The Circle is Closed

May 11, 2016 by

The Circle is Closed
L to R Quacks, Stumpy, Red lad and The Bullied One

The circle of life. It closed on Monday. The Kells 12 who became the Kells 11 and were then whittled down to the Kells 4, are no more – well in the living, breathing sense. I had been dreading it. These were different because I had bottle fed them. But I always knew it would be difficult. During the very long wet winter when they had escaped and gone foraging on a neighbours’ pristine dairy farm, I had cursed them more than once and named them Les Bastardos. They always came back, usually well after dark (and they say pigs have bad eyesight). No idea how they found their way back because when I had gone out searching for them you couldn’t see a meter in front of you. But they aren’t stupid – pigs. They knew they had cosy houses and breakfast was served in the morning. They also knew they could escape again next morning because I hadn’t yet figured out how they were getting out. They were truly free range pigs.

The only paddock they didn’t manage to escape from

When this happened for the fourth time I had had enough so I moved them back into the first paddock they had gone into from my vegetable patch. When they were still being bottle fed I had put them in my veg patch which was surrounded by chicken wire and moved an old dog house into it for them. This paddock was well fenced but was very mucky. I hated them being in it and tried to get as much fruit and vegetables for them as I could. I also picked or cut grass for them. The rain all over the winter was relentless so it probably wouldn’t have made a huge difference where they were and despite the muck they were happier outside.

My one wish was that the grass would grow, the sun would shine so they would get to eat fresh grass and wallow in warm sun before the end. I got my wish and they did.

Quacks in full stretch in the sun 

They also got to be entertained by plenty of action as the field was harrowed and re seeded.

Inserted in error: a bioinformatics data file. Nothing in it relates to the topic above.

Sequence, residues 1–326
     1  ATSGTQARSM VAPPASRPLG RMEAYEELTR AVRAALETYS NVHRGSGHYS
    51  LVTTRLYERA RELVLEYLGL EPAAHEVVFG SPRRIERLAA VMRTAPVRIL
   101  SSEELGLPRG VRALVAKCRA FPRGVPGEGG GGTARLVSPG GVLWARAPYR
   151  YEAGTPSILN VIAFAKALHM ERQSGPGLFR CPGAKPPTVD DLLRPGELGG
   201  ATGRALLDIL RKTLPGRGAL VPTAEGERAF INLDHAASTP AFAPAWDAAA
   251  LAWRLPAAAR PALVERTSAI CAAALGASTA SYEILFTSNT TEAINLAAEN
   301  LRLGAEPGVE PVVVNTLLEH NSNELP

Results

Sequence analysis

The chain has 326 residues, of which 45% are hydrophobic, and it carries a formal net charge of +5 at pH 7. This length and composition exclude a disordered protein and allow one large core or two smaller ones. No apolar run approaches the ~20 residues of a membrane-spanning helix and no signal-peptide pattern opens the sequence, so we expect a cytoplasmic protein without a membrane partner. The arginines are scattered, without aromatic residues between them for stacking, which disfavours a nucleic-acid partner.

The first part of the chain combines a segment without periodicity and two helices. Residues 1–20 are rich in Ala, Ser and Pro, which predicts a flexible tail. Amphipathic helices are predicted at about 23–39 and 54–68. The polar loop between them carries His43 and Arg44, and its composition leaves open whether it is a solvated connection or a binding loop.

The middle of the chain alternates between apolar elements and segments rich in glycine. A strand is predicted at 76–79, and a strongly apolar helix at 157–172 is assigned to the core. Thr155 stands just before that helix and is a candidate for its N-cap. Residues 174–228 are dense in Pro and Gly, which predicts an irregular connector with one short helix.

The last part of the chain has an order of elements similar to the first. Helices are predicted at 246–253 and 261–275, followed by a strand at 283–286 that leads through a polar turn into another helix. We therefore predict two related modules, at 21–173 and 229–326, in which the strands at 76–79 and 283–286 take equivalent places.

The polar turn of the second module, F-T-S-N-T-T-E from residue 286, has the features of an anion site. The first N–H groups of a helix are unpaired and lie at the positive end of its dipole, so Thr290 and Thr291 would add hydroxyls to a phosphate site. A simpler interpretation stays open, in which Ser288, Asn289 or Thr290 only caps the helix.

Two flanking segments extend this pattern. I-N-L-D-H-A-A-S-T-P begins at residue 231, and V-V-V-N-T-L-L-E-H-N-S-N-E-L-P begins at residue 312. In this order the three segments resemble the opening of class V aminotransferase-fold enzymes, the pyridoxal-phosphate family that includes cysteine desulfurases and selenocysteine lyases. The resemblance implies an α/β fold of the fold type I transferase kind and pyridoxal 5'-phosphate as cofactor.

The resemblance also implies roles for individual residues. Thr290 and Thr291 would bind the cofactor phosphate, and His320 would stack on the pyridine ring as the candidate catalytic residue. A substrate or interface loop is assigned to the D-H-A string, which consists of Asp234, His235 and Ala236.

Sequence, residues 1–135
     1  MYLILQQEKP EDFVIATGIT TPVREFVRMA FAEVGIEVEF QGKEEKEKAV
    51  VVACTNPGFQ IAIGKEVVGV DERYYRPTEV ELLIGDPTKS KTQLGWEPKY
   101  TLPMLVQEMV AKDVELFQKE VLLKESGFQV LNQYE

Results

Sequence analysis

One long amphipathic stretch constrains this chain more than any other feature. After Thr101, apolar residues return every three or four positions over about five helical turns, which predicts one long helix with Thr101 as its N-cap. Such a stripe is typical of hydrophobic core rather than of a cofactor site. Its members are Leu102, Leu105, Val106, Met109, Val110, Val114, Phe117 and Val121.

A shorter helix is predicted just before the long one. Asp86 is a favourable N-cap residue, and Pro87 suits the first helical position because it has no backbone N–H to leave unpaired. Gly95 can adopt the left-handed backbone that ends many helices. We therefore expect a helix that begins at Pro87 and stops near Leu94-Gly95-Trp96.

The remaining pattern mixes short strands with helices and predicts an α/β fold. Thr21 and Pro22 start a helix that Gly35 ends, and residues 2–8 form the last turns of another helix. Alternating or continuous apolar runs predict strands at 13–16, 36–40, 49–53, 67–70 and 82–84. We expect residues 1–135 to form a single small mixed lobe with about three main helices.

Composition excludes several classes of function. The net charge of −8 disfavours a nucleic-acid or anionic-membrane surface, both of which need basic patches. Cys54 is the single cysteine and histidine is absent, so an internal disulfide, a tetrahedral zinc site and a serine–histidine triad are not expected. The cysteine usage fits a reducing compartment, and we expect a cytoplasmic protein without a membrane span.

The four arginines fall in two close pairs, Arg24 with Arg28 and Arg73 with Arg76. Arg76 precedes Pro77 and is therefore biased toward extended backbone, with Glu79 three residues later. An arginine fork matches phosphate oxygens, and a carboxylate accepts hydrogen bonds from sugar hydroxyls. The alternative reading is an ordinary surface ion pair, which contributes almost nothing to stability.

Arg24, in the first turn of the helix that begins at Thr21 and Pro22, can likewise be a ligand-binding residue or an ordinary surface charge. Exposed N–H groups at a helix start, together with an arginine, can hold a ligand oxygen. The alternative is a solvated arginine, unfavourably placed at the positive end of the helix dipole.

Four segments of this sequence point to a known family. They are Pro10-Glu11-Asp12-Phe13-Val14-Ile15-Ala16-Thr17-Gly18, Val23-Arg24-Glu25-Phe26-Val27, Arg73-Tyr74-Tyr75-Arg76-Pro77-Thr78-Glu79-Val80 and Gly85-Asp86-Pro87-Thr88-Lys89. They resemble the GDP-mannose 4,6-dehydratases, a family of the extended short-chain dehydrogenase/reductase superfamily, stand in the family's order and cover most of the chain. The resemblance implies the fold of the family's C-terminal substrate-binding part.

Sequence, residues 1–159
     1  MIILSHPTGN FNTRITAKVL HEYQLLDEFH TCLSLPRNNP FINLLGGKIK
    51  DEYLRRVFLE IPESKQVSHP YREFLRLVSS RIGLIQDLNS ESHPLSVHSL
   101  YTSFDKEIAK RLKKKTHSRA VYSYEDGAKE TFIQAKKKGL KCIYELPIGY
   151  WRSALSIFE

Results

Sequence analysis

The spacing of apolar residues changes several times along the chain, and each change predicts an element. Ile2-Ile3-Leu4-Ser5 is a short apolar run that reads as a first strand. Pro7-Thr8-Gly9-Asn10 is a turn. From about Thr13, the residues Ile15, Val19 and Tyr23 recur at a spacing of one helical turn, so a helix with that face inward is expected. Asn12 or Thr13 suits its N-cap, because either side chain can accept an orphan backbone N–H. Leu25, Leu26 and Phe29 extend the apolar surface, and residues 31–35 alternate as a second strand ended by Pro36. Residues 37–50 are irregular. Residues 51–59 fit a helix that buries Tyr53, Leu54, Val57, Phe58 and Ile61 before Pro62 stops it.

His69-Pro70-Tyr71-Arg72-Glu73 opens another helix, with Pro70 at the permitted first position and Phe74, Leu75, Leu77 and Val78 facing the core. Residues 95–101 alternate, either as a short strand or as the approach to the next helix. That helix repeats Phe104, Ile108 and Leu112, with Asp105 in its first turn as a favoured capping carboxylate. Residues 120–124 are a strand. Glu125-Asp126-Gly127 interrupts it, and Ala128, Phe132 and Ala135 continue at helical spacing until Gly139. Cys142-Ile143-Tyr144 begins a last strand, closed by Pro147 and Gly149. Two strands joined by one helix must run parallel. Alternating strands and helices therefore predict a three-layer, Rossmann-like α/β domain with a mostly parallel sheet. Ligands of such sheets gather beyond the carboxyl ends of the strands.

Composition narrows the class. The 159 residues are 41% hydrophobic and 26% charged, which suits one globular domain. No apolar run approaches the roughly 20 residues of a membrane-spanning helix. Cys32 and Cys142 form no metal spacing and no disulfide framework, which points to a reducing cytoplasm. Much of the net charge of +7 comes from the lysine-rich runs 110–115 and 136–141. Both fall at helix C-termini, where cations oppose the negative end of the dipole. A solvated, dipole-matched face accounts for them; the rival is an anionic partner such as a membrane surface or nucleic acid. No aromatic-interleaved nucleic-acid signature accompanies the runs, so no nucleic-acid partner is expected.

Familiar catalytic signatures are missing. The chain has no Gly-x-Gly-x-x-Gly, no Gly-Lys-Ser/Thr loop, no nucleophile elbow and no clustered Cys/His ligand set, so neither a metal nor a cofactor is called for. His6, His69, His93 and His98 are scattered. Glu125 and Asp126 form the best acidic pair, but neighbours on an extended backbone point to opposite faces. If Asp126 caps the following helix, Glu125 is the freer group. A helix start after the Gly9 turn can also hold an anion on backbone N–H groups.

Stumpy was fascinated

And they had a bit of fun. Well, boys will be boys.

Gang bang

So yes they endured a horrible winter – as did I trying to navigate that muck twice a day with a torn ATF ligament and on crutches; but they had a life. They had a great life. They were warm, sheltered, well-fed, entertained, engaged and behaved as pigs should.

All any living creature deserves is a good life and a good death. I do my utmost to ensure they get both. I accompany them to the abattoir. I know the owner. He always kills pigs like mine after he is finished the intensive factory pigs. He told me they have done research to see if pigs are upset by the sound of other pigs screaming. They found out they are not. I didn’t believe him. But now I do. On Monday I had to get into the trailer with them to tag them. I found them snuffling around smelling the horses that had been in it before paying absolutely no attention to the mayhem going on outside.

When we unloaded them they lived up to their name and staged one last daring escape. They jumped out the side of the ramp and instead of walking obediently up the ramp to the holding area they took off skipping and lepping around the yard. It took six of us with boards and over half an hour to get them in. And in the middle of it two of them lay down to wallow in a puddle as the day was so hot. Stressed pigs?

I will leave you with this image which haunts me. I looked into a pig’s eyes this morning while she waited helplessly to meet her end. They bore into me. Her pain was palpable.  How can we treat animals like this? How can we justify eating meat from animals treated like this? How can we allow this when we are supposedly the more intelligent species? How is meat from an animal raised in such an unnatural way good for you? How is meat that comes from a carcass covered in excrement good for you?

I walked away feeling such sadness and helplessness. I wish I could change it.

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2 Comments

  1. It is hard when they have to go. But they've had a grand life.
    That is what I tell myself every time while I pink away a tear.
    We have now acquired our third lot of 4 piglets. They were only 7 weeks old and they are tiny. Usually they come at around 12 weeks and the difference is vast.
    We like to keep them as long as possible and I don't care that they have more fat. The meat is exquisite.
    I feel for all the animals that have been reared in the 'industry'. We shouldn't let that happen.

  2. Me too. In fact genuine free range animals often have better lives albeit short than many humans.

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